Wills are written documents that specify who will get your property once you have passed on.
Florida wills need to be written and executed according to Florida law. The State of Florida has statutes that specify what is necessary in order to have a valid will. What Florida wills require can be discussed with an attorney. At Bret Jones, P.A. our attorneys can help you achieve what you desire in a will. We want our client’s wishes to be fulfilled. Having a will is a good idea, and there are many issues that an attorney can help you with during the creation and execution of a will. Let’s take a look at some of them.
Some Florida Wills Issues That An Attorney May Help You With
There are a few items that an attorney may assist you with if you have any issues with Florida wills. For instance, is a decedent’s will still valid if they get married after writing the will? How will a new marriage affect the will? What if the decedent adopts children? What if there is a divorce? An attorney will probably take a look at Florida Statute 732.507 to answer these questions. According to Florida Statute 732.507:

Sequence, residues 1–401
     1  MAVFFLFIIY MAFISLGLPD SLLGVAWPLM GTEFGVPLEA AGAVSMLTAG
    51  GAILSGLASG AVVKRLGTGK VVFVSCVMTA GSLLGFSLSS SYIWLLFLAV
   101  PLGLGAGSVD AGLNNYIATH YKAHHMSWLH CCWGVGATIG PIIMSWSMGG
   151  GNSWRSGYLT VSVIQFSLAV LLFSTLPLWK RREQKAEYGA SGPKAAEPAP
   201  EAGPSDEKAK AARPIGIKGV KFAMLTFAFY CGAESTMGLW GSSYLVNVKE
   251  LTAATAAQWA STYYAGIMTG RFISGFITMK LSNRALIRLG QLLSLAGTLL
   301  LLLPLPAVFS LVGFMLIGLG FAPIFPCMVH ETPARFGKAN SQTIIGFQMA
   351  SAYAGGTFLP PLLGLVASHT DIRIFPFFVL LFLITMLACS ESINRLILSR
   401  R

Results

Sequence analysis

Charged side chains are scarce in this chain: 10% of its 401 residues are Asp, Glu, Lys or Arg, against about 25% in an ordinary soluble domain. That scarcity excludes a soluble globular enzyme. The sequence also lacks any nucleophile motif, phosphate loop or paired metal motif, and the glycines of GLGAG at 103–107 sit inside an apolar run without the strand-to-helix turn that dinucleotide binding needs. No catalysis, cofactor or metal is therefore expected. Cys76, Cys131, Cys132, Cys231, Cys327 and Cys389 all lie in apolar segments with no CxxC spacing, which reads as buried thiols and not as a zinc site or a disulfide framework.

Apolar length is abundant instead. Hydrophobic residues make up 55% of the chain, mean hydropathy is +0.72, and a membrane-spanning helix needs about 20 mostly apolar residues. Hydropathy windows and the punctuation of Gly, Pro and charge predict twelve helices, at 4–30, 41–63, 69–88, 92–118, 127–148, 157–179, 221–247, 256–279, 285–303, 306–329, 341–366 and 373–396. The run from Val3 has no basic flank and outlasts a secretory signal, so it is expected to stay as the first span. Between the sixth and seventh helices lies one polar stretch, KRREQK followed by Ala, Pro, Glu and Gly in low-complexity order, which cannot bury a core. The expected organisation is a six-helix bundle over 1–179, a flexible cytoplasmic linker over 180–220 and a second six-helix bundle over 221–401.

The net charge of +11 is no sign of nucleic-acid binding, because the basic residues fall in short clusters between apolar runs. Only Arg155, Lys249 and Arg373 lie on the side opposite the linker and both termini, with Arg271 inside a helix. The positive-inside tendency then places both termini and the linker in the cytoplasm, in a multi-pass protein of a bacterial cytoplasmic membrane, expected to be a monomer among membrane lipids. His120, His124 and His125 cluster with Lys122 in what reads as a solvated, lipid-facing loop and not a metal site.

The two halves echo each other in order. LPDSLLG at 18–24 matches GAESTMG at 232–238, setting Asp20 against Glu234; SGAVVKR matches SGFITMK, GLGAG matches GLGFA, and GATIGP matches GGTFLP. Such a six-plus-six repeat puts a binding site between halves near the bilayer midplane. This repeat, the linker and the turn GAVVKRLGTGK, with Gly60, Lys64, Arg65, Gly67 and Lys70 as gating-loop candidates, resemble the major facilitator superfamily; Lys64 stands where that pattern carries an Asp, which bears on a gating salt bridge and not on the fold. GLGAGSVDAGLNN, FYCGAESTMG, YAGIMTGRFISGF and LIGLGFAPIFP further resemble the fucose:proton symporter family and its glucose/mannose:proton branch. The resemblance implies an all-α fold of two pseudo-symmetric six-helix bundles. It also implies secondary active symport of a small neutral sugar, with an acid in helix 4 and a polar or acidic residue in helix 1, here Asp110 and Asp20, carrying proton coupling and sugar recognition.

Effect of subsequent marriage, birth, adoption, or dissolution of marriage.—
“(1) Neither subsequent marriage, birth, nor adoption of descendants shall revoke the prior will of any person, but the pretermitted child or spouse shall inherit as set forth in ss. 732.301 and 732.302, regardless of the prior will.
(2) Any provision of a will executed by a married person that affects the spouse of that person shall become void upon the divorce of that person or upon the dissolution or annulment of the marriage. After the dissolution, divorce, or annulment, the will shall be administered and construed as if the former spouse had died at the time of the dissolution, divorce, or annulment of the marriage, unless the will or the dissolution or divorce judgment expressly provides otherwise.” (2018).